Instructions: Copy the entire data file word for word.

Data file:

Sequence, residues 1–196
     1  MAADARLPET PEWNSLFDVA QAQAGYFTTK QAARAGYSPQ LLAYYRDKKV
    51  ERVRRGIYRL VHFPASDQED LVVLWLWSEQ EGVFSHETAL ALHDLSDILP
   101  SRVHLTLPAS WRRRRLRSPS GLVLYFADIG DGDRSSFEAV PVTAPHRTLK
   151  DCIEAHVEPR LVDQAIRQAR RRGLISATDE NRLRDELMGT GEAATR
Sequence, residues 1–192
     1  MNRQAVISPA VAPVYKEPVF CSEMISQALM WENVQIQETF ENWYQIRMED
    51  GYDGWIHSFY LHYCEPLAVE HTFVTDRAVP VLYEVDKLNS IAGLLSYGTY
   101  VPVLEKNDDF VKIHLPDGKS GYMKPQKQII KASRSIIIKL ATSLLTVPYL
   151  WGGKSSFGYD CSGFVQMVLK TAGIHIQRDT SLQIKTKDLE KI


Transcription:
Sequence, residues 1–196
     1  MAADARLPET PEWNSLFDVA QAQAGYFTTK QAARAGYSPQ LLAYYRDKKV
    51  ERVRRGIYRL VHFPASDQED LVVLWLWSEQ EGVFSHETAL ALHDLSDILP
   101  SRVHLTLPAS WRRRRLRSPS GLVLYFADIG DGDRSSFEAV PVTAPHRTLK
   151  DCIEAHVEPR LVDQAIRQAR RRGLISATDE NRLRDELMGT GEAATR
Sequence, residues 1–192
     1  MNRQAVISPA VAPVYKEPVF CSEMISQALM WENVQIQETF ENWYQIRMED
    51  GYDGWIHSFY LHYCEPLAVE HTFVTDRAVP VLYEVDKLNS IAGLLSYGTY
   101  VPVLEKNDDF VKIHLPDGKS GYMKPQKQII KASRSIIIKL ATSLLTVPYL
   151  WGGKSSFGYD CSGFVQMVLK TAGIHIQRDT SLQIKTKDLE KI